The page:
WordCamps were born from WordPress meetups — small in-person gatherings between WordPress fans. Currently, WordPress’ official account on Meetup has over half a million members in 114 countries.
If you miss a WordCamp, you can:
- Watch replays of talks on WordPress.tv
- Check out Bluehost’s WordCamp recaps
- Attend other popular WordPress events such as PressNomics, WooConf and WPCampus
WordPress is available in 208 locales. There are language packs for 130 of them.
As of writing, 55 of these locales have translation projects that are more than 50% complete. 72 locales are less than 50% along the way and eight don’t have a WordPress project.
WordPress has been celebrating WordPress Translation Day on Sept. 28 since 2016.
The WordPress community is committed to making the internet as inclusive and accessible as possible for all users. This means any user’s device or ability should have the chance to share or access content on WordPress.
The Accessibility Team checks whether WordPress themes conform with WordPress’ Accessibility Coding Standards. Those standards mean all WordPress code must comply with the Web Content Accessibility Guidelines 2.1 at level AA.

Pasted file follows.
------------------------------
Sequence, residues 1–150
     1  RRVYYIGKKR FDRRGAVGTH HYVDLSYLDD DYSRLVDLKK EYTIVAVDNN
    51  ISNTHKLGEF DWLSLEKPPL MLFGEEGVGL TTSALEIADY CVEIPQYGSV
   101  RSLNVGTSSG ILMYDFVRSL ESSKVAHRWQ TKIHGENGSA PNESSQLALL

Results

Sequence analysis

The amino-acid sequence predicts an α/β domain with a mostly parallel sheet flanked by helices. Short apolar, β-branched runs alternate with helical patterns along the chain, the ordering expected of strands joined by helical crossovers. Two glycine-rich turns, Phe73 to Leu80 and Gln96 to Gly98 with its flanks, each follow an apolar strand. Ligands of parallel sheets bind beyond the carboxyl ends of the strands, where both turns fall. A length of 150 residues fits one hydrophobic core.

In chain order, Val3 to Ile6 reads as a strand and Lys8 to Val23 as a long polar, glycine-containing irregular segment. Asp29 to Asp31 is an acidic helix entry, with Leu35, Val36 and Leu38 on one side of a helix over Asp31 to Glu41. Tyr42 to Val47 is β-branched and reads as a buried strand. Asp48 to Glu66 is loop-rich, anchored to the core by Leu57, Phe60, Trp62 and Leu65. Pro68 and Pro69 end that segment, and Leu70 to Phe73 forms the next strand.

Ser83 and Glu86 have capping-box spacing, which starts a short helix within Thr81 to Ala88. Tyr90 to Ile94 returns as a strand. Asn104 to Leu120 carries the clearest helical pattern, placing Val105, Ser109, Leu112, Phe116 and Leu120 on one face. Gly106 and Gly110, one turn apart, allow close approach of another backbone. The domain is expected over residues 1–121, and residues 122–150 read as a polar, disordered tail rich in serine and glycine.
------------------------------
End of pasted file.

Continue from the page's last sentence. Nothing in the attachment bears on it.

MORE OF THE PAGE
WordPress has contributed heavily to the global and digital economy. Many people have gotten jobs, made a career and started businesses from the WordPress ecosystem.
WP Engine, Vanson Bourne and the Institute of Management Studies (IMS) at Goldsmiths, University of London did research to measure the impact of the WordPress economy. They found it was worth an estimated $596.7 billion in 2020 and projected to be worth $635.5 billion in 2021.